Private companies still viewed with distrust by mainland authorities
With the private sector distrusted by mainland authorities, companies are hoping for fairer rules to compete with state-owned enterprises
Hostility towards private enterprise runs deep in the Communist Party, and despite the spectacular economic growth brought about by market reforms, mainland authorities' distrust of private business has never disappeared.
The profits of private industrial companies have risen by an average of 42 per cent since 2005, outpacing state-owned enterprises in every year except 2010. But they are still considered "unreliable" by the government and barred from many "sensitive" sectors.
The latest case was in June, when the Heilongjiang provincial government declared that solar and wind power were "state-owned".Private companies wanting to harness them to generate energy were told to first seek approval from local meteorological bureaus.
An offence punishable by death during the Cultural Revolution in the 1960s and '70s, private business blossomed under reforms introduced by Deng Xiaoping and quickly became a key driving force behind the "China miracle".
The growth of the private economy reached its zenith under former president Jiang Zemin and former premier Zhu Rongji , aided by two controversial decisions. One, at the 15th party congress in 1997, gave private companies legal status, and the other was the issuing of Jiang's theory of the Three Represents, which provided a theoretical basis for allowing entrepreneurs to join the Communist Party and was implemented at the 16th party congress in 2002.
The private sector continued to grow strongly well into the era of President Hu Jintao and Premier Wen Jiabao , but efforts to promote private enterprise gradually lost momentum. Hu and Wen put the priority on closing wealth gaps and creating a "harmonious" society.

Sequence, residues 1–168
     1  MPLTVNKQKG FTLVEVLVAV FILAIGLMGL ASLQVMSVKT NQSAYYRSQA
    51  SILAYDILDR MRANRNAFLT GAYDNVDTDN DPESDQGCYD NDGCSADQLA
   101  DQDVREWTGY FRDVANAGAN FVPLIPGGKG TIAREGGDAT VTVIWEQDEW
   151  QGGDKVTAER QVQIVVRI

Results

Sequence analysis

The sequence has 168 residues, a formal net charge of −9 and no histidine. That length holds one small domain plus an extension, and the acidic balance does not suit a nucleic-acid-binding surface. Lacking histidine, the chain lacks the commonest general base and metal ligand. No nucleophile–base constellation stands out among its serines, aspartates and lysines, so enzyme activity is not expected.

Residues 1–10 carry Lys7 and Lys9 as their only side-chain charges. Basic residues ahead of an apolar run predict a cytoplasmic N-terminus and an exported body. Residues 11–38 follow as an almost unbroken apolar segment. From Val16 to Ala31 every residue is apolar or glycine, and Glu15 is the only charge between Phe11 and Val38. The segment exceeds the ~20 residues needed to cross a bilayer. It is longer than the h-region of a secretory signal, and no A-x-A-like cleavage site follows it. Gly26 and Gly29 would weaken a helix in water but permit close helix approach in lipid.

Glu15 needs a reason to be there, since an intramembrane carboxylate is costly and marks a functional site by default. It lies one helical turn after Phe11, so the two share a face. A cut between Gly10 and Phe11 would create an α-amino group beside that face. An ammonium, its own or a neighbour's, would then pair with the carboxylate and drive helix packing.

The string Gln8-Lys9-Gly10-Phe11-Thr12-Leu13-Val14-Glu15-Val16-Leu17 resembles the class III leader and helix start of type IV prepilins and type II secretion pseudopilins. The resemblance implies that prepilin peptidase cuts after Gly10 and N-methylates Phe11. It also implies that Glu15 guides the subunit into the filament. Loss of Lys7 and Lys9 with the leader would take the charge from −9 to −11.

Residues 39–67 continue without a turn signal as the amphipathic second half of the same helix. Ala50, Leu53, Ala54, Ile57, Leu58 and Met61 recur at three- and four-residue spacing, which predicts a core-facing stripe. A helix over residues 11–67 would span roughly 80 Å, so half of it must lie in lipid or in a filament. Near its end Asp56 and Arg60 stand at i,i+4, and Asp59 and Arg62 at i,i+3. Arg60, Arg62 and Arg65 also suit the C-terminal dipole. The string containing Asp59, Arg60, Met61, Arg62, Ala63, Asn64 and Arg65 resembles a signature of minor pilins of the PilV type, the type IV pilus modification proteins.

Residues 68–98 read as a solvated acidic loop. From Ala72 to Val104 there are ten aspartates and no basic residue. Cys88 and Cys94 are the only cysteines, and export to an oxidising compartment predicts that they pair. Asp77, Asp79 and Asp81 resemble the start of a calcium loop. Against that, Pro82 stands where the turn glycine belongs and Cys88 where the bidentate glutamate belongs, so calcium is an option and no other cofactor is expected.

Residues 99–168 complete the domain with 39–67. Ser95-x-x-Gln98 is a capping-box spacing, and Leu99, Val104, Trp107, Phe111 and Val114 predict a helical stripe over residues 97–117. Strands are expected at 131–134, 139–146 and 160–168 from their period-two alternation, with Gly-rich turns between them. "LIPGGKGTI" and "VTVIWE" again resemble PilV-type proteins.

A central government circular issued in 2005 said the development of the private sector was still encouraged, but "as a supplement to the state-owned sector".
By the end of last year, the mainland was home to 9.68 million private companies, with registered capital of 25.79 trillion yuan (HK$31.5 trillion) and 104 million employees - more than 75 per cent of the urban workforce. Official figures also showed that those companies contributed 45 per cent of the nation's tax revenue. But important as they are, private companies are still made to carry a handicap when competing against state-owned enterprises (SOEs).
The global financial crisis that came to a head in 2008 triggered a worldwide intellectual crisis for the free market school of thinking and encouraged advocates of "state capitalism".
On the mainland, the government injected a record 9.6 trillion yuan of bank loans to help fund the so-called 4 trillion yuan stimulus package. The lion's share went to big SOEs and local government investment vehicles. As a result, the capital gap between government and private businesses is bigger than ever .
Entrepreneurs now hope the new party leadership - to be unveiled at its 18th national congress this autumn - will review the status of the private economy and address the imbalance.
They also hope the congress will set the tone for reforms that would put private companies on a more equal footing in terms of access to financing, break up SOE monopolies in many areas and better protect the legal and social status of private businesses.
"We are keenly anticipating the congress will bring good news for private companies," said Zhou Dewen , chairman of the Wenzhou Small and Medium-sized Enterprise Development Association.
"Policies issued in the past have not been effective. Only forceful measures can break up monopolies and bring hope to struggling private companies, so that they can help maintain stable economic growth."